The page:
Driver Knowledge Tests

Tips for driving with a baby in the car

Carrying a baby in your car, especially one that is crying, is something that the majority of drivers will experience at some time in their lives.

Some babies are very comfortable with travelling and will fall asleep within a few minutes of putting them in the car seat (read our guide to child restraint laws here), while others will fidget and become frustrated.

Babies become used to freedom of movement and close physical attention by a parent. When they are put in a car seat they are in a location where they are not necessarily able to see you, in a restrictive situation with much less available movement, and with no physical touch. If your baby is very tired, it might still sleep, but if not, you could be in for a lot of crying.

The noise of a baby crying has been honed by evolution to be attention-grabbing to humans. It is distracting and you will feel the need to turn around to try to make contact with your baby. Safety is paramount, so you have two options: the first is that you can stop and try to comfort the baby, and the second is that you drive on ignoring it. There are no other options. You should never take your baby out of the car seat while you are driving, and you should not speed up or drive unsafely just to get to your location quicker, thus shortening your exposure to the crying noise.

Solutions to crying babies in cars

Acclimatise your baby to the car seat

Bring the car seat into the house, sit the baby in it occasionally, give your baby toys to play with while in the car seat, and be interactive with your baby. This way, the baby comes to associate being in the car seat with experiences that make it feel good. Remember that your baby will outgrow car seats as he or she grows, so check periodically that it’s still the correct size.

Acclimatise your baby to your car

Once your baby is acclimatised to the seat, try short trips while your baby is in a good mood. If you have someone that can travel alongside your baby to keep it entertained, this will help set the expectation that car trips are fine.

Using a worn t-shirt as a comfort blanket (i.e. something that smells of mum) can help calm a baby if it can’t be close physically.

Keep your baby occupied

Giving your baby plenty of visual stimulation in the car is important. You can have a box of special travelling toys in your car; you can make a mobile for the car; you can make a brightly coloured plastic baby chain from the headrest of the front passenger seat to the headrest of the rear passenger seat and clip toys to it. Vary the toys to find out what works best.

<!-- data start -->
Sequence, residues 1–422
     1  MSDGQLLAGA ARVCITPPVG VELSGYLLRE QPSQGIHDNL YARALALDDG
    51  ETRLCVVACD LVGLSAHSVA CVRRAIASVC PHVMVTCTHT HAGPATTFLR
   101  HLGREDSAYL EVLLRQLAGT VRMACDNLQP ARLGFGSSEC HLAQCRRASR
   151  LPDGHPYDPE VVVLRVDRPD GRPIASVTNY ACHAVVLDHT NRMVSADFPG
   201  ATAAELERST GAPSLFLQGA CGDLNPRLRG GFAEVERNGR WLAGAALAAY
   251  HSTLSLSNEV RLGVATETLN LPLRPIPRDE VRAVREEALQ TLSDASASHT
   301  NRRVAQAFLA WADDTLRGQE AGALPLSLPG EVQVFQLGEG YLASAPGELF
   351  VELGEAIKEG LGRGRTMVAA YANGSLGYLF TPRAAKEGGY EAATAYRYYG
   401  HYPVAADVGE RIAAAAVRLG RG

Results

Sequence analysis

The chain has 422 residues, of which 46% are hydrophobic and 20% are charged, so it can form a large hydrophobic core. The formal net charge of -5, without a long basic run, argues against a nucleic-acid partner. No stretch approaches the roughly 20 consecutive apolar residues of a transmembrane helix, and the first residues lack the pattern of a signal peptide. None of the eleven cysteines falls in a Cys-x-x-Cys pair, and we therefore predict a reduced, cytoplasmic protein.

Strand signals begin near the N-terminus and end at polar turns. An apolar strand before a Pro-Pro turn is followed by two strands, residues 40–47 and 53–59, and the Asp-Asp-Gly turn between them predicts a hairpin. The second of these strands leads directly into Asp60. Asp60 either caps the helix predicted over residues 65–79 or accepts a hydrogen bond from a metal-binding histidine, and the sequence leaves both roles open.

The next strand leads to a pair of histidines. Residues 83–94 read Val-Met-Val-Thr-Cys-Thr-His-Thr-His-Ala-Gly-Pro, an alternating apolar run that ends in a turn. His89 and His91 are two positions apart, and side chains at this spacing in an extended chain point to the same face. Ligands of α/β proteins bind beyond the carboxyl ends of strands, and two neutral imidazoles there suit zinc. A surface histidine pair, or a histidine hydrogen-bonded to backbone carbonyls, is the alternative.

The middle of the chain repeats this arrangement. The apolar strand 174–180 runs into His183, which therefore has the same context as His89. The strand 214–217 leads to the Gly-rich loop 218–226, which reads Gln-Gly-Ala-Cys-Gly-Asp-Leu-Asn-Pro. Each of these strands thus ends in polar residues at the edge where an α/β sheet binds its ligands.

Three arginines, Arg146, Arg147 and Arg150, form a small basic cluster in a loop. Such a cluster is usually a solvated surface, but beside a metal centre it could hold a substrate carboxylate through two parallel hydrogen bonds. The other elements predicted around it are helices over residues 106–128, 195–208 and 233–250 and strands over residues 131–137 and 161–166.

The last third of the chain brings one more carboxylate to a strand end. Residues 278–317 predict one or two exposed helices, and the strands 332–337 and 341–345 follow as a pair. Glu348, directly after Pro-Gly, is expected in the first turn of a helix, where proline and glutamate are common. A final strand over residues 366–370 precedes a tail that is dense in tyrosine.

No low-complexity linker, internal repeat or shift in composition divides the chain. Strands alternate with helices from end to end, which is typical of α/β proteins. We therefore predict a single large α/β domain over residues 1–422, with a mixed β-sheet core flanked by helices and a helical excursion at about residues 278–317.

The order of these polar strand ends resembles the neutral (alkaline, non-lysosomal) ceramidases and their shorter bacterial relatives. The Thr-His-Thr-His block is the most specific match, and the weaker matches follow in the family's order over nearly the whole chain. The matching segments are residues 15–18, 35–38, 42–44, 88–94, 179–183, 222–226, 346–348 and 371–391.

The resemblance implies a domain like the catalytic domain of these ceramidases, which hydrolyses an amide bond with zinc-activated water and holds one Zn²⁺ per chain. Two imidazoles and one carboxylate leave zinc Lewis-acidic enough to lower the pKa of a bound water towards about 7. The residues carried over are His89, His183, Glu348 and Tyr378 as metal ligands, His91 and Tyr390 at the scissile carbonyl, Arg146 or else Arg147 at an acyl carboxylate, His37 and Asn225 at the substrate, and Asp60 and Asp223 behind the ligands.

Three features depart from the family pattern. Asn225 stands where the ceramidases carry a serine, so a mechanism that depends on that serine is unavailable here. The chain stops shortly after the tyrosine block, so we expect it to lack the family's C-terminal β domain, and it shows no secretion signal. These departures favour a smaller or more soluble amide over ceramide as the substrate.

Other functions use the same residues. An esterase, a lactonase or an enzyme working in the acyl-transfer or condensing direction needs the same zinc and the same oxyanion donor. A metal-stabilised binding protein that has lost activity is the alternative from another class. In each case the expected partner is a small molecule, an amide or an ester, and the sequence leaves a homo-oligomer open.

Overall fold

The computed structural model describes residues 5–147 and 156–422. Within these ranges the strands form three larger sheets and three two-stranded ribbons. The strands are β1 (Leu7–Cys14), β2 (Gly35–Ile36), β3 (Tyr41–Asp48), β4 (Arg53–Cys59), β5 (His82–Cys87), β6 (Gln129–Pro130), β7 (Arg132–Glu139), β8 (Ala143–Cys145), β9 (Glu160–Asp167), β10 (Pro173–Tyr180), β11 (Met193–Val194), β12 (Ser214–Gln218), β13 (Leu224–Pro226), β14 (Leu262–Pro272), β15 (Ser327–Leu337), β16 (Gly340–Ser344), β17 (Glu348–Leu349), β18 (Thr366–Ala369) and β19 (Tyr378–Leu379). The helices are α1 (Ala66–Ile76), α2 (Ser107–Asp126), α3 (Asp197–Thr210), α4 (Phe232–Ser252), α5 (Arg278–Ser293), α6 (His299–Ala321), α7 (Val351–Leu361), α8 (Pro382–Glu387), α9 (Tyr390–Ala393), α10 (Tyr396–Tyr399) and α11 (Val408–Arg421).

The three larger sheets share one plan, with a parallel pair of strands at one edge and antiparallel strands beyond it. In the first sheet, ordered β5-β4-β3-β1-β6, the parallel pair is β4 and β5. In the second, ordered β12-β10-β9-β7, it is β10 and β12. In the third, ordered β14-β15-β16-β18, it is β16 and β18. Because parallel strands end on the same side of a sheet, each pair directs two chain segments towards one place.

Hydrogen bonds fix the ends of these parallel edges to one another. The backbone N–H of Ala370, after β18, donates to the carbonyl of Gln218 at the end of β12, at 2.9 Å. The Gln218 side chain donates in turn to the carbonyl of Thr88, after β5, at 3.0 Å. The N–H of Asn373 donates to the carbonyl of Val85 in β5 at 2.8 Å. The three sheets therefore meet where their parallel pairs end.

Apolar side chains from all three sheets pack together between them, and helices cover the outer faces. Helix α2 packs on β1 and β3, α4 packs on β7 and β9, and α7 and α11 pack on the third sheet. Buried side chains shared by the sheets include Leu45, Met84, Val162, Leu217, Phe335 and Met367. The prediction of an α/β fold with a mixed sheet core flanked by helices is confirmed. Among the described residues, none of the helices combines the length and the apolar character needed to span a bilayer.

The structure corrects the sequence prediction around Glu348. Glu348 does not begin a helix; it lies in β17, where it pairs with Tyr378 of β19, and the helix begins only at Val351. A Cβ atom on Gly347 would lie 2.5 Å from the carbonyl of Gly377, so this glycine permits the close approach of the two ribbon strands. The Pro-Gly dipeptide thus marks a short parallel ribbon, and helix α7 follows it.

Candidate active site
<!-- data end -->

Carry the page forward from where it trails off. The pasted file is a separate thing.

You can clip other toys to the car seat and anywhere else convenient in your car. You can also place a mirror at an angle that lets your baby see you.

Music and noise

Certain types of music and noise can be soothing to babies. White noise can help calm a baby (e.g. the sound of waves), or there might be some favourite songs that you and your baby bond over. Again, you’re looking for positive psychological associations to help trick your baby into believing that the car journey is a safe and fun place.

Experiment with different types of music to find out what works best.

Never smoke in your car

It is illegal to smoke in your car when you are carrying a child under 16 years old, even if you have wound the window down. The on-the-spot fine is $250 in NSW. This protects children against secondhand smoke, but what about when the child isn’t in the car? If you smoke in your car your car seats and upholstery become impregnated with toxins. This makes your car smell and makes it less pleasant for your baby to travel in the car.

Your baby’s health

Driving with a sick baby will not be pleasant for you or the baby. Ensure that your baby is in good health. If it is teething, a teething toy will help. Pacifiers/dummies can help, too.

Climate

A sunshade on the window can help keep your baby at a pleasant temperature if the sun is strong on that side of the car. You can also open a window slightly or use the air conditioning.

Plan your journey for regular breaks

Know where you can stop on your journey for feeding, nappy changes, etc. If you can travel when they usually sleep, that’s the best time travel. Journeys can take longer than usual.

Darren is an expert on driving and transport, and is a member of the Institute of Advanced Motorists

Posted in Advice, Car
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